An additional blessing, I encountered when I accepted the nomination as GCI board chair was that the GCI board chair also serves as the chair for Grace Communion Seminary. I enjoy serving alongside GCS President, Dr. Michael Morrison and other GCS board members. The GCS board fulfills the same purposes for the seminary as the GCI board serves for the church – to ensure the seminary mission, vision and finances are upheld and managed with integrity. The GCS board is comprised of directors who are experienced, competent, and committed to GCI and GCS. To learn more, visit GCS board.

As I was preparing to retire, I spent a great deal of time pondering and praying about “what was next,” what Jesus may have had in store for me in his ministry. Being asked to serve on the GCI board came as an unexpected surprise, and it has been a great joy to serve alongside GCI and GCS board members. The work is challenging in a good way and fits well into a very fluid retirement schedule. Serving on the board provides an opportunity to continue to work with dear friends and colleagues and serve GCI pastors and congregations in the U.S. and around the globe.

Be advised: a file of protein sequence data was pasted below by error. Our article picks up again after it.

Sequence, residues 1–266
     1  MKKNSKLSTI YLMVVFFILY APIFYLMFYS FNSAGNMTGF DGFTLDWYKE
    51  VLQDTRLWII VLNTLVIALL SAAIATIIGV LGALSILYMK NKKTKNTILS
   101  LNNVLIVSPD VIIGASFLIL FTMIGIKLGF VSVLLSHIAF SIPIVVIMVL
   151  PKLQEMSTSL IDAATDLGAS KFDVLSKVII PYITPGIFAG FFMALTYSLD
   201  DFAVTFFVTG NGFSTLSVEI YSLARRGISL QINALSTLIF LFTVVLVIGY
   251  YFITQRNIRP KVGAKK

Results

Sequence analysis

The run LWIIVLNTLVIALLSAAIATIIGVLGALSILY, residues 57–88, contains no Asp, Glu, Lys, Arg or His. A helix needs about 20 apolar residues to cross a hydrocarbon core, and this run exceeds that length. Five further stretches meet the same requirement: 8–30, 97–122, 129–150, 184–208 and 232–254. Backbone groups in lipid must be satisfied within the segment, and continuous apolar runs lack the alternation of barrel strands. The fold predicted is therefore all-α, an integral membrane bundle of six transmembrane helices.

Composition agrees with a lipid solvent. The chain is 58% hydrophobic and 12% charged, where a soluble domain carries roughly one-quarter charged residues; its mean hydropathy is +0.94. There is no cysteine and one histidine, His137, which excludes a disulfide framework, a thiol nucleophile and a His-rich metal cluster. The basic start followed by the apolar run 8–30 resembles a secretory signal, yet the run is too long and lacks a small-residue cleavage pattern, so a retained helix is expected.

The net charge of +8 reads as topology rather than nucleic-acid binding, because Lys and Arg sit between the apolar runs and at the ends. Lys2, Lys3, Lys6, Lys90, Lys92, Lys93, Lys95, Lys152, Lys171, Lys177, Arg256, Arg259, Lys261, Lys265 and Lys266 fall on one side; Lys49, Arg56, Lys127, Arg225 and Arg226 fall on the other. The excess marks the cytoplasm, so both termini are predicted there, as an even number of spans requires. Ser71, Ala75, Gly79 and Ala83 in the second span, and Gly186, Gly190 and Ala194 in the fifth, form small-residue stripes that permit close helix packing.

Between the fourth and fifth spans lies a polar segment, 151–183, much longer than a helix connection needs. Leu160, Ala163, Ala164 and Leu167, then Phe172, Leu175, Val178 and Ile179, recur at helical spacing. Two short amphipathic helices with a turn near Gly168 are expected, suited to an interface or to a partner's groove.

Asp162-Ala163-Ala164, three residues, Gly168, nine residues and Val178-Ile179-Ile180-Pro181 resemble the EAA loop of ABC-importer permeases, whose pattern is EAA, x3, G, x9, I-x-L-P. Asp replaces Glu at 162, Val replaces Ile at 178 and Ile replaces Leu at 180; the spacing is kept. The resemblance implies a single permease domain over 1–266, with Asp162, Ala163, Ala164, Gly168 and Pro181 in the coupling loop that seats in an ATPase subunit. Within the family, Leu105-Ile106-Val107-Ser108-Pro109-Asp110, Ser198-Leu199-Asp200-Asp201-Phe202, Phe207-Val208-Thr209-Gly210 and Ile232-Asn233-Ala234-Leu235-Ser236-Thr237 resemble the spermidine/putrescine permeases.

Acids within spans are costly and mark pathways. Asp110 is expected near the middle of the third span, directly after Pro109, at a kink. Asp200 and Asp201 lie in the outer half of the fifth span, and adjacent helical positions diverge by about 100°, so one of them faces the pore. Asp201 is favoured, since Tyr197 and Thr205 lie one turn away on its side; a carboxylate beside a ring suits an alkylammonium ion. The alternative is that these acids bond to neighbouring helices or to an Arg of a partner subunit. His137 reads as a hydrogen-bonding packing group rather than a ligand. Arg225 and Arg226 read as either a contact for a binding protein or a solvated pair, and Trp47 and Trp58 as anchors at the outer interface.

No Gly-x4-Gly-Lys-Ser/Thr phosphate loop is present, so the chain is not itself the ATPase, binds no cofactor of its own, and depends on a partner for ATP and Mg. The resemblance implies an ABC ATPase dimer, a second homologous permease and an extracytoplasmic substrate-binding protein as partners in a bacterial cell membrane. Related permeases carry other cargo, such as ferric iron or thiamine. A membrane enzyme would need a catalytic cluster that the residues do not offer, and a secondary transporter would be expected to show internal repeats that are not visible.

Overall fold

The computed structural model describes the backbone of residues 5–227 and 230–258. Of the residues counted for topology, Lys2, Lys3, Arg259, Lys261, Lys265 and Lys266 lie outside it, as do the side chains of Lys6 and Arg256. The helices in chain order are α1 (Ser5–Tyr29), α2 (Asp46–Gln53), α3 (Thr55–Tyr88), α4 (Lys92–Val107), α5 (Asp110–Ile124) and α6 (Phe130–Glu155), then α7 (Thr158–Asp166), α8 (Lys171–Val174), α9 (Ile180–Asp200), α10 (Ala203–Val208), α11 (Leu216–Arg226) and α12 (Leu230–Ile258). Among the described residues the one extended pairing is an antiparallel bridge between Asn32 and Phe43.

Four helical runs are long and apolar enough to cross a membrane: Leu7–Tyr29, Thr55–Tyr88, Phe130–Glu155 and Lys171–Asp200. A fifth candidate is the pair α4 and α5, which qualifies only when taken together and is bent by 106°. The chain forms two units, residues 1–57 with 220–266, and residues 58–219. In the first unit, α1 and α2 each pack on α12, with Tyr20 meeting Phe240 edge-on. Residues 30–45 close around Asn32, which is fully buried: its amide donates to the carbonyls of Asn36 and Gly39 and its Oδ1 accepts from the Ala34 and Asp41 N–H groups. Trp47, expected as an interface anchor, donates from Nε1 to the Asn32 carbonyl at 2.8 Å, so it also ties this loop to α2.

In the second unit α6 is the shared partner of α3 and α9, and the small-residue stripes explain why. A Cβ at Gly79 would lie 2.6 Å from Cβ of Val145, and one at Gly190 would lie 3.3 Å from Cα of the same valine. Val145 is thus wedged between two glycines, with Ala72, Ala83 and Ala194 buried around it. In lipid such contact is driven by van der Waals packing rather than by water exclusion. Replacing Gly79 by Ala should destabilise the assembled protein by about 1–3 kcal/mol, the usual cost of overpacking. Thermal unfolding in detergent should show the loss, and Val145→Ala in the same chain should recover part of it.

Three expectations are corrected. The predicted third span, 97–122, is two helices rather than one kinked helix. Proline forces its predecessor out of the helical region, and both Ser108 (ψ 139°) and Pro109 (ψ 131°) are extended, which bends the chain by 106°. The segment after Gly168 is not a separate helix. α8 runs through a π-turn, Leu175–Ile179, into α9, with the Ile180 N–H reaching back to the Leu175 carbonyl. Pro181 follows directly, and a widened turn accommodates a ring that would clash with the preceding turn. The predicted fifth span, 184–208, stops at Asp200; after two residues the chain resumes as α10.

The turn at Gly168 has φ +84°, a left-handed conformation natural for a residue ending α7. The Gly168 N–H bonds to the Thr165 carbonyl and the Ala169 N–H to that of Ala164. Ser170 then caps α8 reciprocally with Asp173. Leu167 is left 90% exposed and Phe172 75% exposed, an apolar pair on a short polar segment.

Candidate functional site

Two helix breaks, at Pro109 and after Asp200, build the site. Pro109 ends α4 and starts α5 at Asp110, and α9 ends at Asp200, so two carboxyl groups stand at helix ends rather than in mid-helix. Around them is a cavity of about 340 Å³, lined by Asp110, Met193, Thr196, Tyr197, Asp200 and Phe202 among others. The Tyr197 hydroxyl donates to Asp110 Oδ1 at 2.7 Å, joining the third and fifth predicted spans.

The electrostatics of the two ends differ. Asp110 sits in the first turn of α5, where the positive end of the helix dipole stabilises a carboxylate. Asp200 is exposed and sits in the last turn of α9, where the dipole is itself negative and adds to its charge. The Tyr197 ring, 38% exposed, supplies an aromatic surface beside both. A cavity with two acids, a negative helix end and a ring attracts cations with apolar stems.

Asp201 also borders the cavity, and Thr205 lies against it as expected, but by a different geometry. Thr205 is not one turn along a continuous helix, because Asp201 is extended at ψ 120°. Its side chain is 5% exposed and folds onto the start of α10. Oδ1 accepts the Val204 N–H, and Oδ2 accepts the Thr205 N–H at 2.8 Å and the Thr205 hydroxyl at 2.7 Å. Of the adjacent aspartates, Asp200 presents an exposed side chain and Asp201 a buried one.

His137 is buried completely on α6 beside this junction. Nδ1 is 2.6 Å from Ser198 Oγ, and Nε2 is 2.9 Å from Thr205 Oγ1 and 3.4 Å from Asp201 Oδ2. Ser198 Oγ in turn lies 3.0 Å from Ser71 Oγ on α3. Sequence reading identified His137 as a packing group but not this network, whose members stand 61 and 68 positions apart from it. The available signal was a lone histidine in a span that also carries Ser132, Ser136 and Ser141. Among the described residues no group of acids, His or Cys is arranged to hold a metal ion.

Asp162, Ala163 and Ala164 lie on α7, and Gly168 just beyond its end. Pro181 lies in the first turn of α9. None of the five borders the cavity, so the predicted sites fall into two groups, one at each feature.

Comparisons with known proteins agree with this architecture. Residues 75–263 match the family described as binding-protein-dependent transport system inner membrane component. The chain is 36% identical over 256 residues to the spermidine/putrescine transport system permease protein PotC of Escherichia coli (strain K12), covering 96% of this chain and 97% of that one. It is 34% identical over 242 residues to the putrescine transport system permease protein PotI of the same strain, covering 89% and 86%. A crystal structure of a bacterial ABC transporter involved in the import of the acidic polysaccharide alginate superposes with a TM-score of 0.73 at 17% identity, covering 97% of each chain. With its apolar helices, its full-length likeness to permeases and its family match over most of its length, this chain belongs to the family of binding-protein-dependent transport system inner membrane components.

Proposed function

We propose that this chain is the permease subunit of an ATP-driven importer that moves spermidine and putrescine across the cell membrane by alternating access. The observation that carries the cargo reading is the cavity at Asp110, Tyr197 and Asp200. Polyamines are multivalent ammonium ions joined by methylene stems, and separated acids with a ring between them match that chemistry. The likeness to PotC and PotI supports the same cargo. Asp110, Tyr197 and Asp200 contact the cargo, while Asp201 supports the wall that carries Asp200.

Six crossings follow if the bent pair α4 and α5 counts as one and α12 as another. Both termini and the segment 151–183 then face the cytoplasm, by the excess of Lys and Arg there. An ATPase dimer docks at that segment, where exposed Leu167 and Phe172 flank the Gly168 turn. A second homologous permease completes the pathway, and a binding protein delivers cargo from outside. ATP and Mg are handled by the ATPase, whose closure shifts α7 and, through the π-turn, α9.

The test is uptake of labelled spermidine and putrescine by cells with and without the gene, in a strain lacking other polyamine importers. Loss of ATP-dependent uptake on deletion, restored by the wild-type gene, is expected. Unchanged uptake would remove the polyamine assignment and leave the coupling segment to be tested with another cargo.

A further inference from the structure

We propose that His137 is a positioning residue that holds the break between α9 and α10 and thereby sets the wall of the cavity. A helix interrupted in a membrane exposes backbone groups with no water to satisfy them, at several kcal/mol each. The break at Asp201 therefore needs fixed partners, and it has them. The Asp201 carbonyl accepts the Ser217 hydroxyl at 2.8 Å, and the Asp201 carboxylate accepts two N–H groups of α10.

Randy Bloom
GCI Board Chair

Successful Transitions in the Philippines

Dear GCI Family and Friends,

Greg Williams with the Filipino National Ministry Team

I recently had the pleasure of joining Dr. Eugene Guzon, many Filipino leaders, and the Asian Regional Directors in Manila for a historic week of meetings and events. Dr. Guzon and I have been working together for more than two years to move the Filipino governance from a Corporate-Sole model to a Board-Governed and National-Director-Led model. Mat Morgan and our Home Office Legal Department played a significant role in helping rewrite the bylaws for the Philippines and helping them through national registration modifications. The other significant milestone was recognizing and commissioning the four members of the National Ministry Team (NMT).